Many people - both online and on the doorstep - have been interested in Lana Hempsall's background, and have asked what drove her to stand for Parliament. So we interrupted her campaigning to find out a bit more about her. Here's what she told us:
I was born in Chiswick, London but moved shortly afterwards to Portsmouth where my younger brother was born. Our family lived on a very modest income from my father’s salary as a shop assistant in a carpet shop. I spent my first few years on a rough council estate before my mother decided enough was enough and moved us all to her native Slovenia, part of former Yugoslavia. I experienced first hand what a socialist utopia feels and looks like and this is the very last thing I wish to happen to our country.
Living abroad I was mesmerised by Margaret Thatcher, Ronald Reagan and world leaders generally. I dreamed of one day working for the UN or World Health Organisation, making the world a better place. I had no idea how I would achieve this as my only asset was my birth right of a British passport that would allow me to travel anywhere in the world; we lived on an impossibly low income, a whole family co-habiting in one room.
Things got even worse when I was 14, when I started losing my sight and my mum managed to raise enough money for a return flight to the UK where I was diagnosed with Stargardt’s disease, an incurable congenital eye condition which would leave me completely blind by the age of 30.
On my return to Slovenia, I was helpfully offered a place in an institution where I would be taught basket weaving to help me earn my keep with a promise that if I proved clever enough, I’d be trained as a telephone switchboard operator. I had hoped to become a doctor, or maybe a lawyer, but I was told I would receive no support in mainstream education and if persisted with my silly ambitions I was on my own.
I chose the hard route and yes, I was on my own. I was offered a disability benefit package which would allow me to survive, but all job prospects were pretty much closed to me, so I came to the UK to join my father.
Living with a deteriorating physical condition is probably one of the hardest things a human being can go through. Especially if you are young and just starting out. I have made the journey from the brink of institutionalisation, because that’s what society used to do to children like I was, to university degrees, successful businesses, a wonderful husband and three children and a political career I am proud of because I dedicate my life to helping those less fortunate than myself, to those without a voice or a voice that won’t be heard.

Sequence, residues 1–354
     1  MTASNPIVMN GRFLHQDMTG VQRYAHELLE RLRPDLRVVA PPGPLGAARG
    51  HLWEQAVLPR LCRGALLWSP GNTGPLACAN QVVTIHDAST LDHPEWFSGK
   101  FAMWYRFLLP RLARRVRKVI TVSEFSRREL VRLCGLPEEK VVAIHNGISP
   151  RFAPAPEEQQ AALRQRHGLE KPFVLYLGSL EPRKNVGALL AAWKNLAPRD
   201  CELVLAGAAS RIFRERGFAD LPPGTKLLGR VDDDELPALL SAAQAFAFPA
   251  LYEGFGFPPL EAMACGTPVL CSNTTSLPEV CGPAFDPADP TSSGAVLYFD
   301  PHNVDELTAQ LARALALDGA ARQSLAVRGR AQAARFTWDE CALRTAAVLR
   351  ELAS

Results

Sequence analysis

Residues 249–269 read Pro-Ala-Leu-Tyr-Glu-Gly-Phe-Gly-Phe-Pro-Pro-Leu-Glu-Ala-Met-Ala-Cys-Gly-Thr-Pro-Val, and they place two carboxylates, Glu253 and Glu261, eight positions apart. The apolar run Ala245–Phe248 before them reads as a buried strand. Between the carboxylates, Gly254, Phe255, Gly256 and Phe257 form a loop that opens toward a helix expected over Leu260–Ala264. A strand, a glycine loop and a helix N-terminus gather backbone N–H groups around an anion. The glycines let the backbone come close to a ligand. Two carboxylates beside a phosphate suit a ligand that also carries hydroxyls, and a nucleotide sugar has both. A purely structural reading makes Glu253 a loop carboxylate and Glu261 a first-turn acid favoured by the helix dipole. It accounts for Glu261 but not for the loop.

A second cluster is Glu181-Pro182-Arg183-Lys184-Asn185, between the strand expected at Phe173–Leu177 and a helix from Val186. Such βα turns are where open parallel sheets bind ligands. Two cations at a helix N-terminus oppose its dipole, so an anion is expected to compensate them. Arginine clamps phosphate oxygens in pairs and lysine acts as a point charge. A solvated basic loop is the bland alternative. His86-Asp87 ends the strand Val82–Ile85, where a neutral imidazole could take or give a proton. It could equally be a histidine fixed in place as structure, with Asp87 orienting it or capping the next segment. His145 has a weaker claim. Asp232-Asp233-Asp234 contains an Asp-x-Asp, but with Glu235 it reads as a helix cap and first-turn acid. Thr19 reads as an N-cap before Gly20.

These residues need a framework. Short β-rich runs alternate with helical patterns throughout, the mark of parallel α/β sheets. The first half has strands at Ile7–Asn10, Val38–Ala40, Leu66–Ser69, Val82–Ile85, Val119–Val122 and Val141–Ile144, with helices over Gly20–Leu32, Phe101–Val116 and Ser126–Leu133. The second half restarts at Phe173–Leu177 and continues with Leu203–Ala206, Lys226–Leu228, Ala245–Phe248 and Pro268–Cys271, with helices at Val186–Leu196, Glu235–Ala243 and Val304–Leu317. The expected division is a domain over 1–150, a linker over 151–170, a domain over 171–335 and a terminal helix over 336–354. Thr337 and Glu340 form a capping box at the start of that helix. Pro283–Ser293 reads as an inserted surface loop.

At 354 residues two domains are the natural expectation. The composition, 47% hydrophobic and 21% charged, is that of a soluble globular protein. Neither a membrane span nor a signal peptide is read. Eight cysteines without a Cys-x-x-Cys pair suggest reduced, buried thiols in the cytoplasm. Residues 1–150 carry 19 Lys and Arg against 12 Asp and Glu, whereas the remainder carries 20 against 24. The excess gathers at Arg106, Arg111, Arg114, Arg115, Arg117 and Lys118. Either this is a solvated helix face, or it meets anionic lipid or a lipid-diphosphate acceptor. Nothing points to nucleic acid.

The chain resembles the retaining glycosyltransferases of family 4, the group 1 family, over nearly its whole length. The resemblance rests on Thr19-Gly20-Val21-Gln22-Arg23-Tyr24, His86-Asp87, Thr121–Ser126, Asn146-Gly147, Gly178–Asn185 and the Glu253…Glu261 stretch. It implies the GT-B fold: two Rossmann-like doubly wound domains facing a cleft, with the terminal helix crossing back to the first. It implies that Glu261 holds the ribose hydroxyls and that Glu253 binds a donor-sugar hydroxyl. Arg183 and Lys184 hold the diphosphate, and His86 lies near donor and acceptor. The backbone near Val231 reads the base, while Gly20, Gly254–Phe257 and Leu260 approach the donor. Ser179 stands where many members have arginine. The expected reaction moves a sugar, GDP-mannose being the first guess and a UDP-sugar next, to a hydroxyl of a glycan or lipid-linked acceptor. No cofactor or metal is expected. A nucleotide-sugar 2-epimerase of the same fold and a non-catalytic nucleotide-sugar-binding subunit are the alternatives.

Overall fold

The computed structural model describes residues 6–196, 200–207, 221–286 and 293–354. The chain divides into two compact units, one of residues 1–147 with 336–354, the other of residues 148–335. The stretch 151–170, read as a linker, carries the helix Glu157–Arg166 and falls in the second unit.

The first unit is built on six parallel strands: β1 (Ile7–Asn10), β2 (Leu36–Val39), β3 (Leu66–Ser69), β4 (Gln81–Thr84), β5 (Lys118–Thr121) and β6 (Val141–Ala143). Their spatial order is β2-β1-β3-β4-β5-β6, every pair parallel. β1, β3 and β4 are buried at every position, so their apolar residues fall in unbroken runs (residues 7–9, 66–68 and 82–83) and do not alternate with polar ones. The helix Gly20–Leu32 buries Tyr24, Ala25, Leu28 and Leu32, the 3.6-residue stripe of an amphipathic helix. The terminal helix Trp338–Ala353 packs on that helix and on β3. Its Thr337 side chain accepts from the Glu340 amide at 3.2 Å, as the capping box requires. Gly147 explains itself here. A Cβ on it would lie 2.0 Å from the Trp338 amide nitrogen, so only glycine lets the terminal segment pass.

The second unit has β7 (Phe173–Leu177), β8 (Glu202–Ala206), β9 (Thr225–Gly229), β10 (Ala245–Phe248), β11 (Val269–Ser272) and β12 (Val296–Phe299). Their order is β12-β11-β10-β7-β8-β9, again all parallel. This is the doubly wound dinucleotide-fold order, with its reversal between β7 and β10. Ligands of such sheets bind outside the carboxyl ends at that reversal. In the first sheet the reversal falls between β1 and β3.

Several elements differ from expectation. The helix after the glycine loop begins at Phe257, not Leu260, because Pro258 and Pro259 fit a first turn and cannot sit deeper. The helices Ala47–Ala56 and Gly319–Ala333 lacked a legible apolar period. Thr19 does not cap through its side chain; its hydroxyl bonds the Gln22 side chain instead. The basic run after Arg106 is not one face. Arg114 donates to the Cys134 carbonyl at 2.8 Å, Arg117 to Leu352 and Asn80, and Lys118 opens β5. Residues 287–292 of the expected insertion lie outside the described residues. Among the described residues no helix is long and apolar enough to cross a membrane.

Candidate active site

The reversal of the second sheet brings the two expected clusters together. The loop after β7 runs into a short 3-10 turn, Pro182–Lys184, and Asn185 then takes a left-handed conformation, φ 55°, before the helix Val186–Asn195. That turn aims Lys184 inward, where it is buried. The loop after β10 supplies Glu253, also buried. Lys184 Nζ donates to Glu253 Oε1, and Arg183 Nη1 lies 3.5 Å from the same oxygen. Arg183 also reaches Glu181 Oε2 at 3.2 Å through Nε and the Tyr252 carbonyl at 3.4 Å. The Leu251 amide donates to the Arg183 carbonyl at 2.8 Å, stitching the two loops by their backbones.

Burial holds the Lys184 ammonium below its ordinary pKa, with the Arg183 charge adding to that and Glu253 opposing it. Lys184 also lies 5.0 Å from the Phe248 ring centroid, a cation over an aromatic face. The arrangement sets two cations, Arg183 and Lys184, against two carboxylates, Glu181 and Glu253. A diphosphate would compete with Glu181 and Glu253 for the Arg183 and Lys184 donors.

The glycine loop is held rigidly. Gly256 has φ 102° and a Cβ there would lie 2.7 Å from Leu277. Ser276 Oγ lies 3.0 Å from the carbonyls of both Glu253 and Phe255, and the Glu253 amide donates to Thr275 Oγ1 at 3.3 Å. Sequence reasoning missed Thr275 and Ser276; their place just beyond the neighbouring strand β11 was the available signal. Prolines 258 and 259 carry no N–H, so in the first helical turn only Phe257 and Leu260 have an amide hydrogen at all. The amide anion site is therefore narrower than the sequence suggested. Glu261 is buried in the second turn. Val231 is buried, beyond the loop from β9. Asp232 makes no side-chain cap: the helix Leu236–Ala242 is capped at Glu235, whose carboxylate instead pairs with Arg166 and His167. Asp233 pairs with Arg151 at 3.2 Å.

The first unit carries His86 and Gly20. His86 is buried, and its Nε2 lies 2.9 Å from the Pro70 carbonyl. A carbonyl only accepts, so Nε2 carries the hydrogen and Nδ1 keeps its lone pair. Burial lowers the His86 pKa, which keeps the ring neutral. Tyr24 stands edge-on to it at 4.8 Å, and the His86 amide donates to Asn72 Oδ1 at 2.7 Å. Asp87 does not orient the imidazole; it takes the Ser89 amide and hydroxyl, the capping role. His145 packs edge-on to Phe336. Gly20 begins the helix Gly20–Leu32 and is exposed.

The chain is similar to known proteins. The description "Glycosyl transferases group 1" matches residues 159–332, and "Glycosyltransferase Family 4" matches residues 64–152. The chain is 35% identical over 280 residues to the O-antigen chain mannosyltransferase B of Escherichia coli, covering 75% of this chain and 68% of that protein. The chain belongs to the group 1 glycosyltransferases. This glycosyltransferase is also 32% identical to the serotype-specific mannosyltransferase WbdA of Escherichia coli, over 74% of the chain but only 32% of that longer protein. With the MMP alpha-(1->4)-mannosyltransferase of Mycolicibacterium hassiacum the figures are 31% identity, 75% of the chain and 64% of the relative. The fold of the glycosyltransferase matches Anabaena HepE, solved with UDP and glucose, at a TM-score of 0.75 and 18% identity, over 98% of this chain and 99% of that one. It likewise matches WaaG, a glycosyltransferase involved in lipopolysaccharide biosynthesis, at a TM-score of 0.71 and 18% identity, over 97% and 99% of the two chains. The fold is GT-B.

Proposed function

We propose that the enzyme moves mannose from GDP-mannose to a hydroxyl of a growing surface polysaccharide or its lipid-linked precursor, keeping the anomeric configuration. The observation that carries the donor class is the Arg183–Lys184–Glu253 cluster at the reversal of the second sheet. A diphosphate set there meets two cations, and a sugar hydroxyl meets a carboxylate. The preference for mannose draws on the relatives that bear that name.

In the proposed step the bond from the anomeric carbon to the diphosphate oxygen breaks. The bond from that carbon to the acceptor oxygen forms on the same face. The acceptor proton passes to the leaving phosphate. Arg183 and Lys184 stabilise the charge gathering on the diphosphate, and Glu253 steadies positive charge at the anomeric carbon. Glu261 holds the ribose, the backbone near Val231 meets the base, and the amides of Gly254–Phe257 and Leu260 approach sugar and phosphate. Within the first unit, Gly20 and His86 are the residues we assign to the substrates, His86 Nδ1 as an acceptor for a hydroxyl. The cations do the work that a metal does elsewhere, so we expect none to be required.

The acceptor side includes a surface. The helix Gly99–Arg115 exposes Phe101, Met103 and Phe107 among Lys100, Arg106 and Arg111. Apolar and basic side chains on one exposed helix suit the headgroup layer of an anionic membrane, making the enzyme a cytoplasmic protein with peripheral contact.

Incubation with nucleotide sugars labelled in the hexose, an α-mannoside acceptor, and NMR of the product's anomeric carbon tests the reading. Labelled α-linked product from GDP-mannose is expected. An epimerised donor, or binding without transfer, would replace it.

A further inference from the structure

I have first hand experience of working in the NHS, I have first hand experience of teaching, I know what it takes to set up and run a successful business and I know how it feels to stand up for somebody who is being set upon by the system and stand my ground.
Since moving to Norfolk with my family in 2005 I have thrown myself into the local community and have been a Broadland District Councillor since 2011 and a Parish Councillor since 2007.
My promise to Norwich South is that I will be the most hard working , local MP you could ever wish for, that I will stand up for our NHS, I will stand up for driving up standards in our schools, I will ensure Norwich South gets the best deal out of Brexit and I will prove to you that the conservative Party is a party that works for everyone and not just the privileged few. I want to make sure that disabled people can take their rightful place in our society and aren’t simply parked, with benefits that just get them by.
I am a Conservative. I made a success of my life because a tiny handful of people believed in me when it felt like everything was stacked against me. So I want to do the same for others and believe in the positive change we can make together.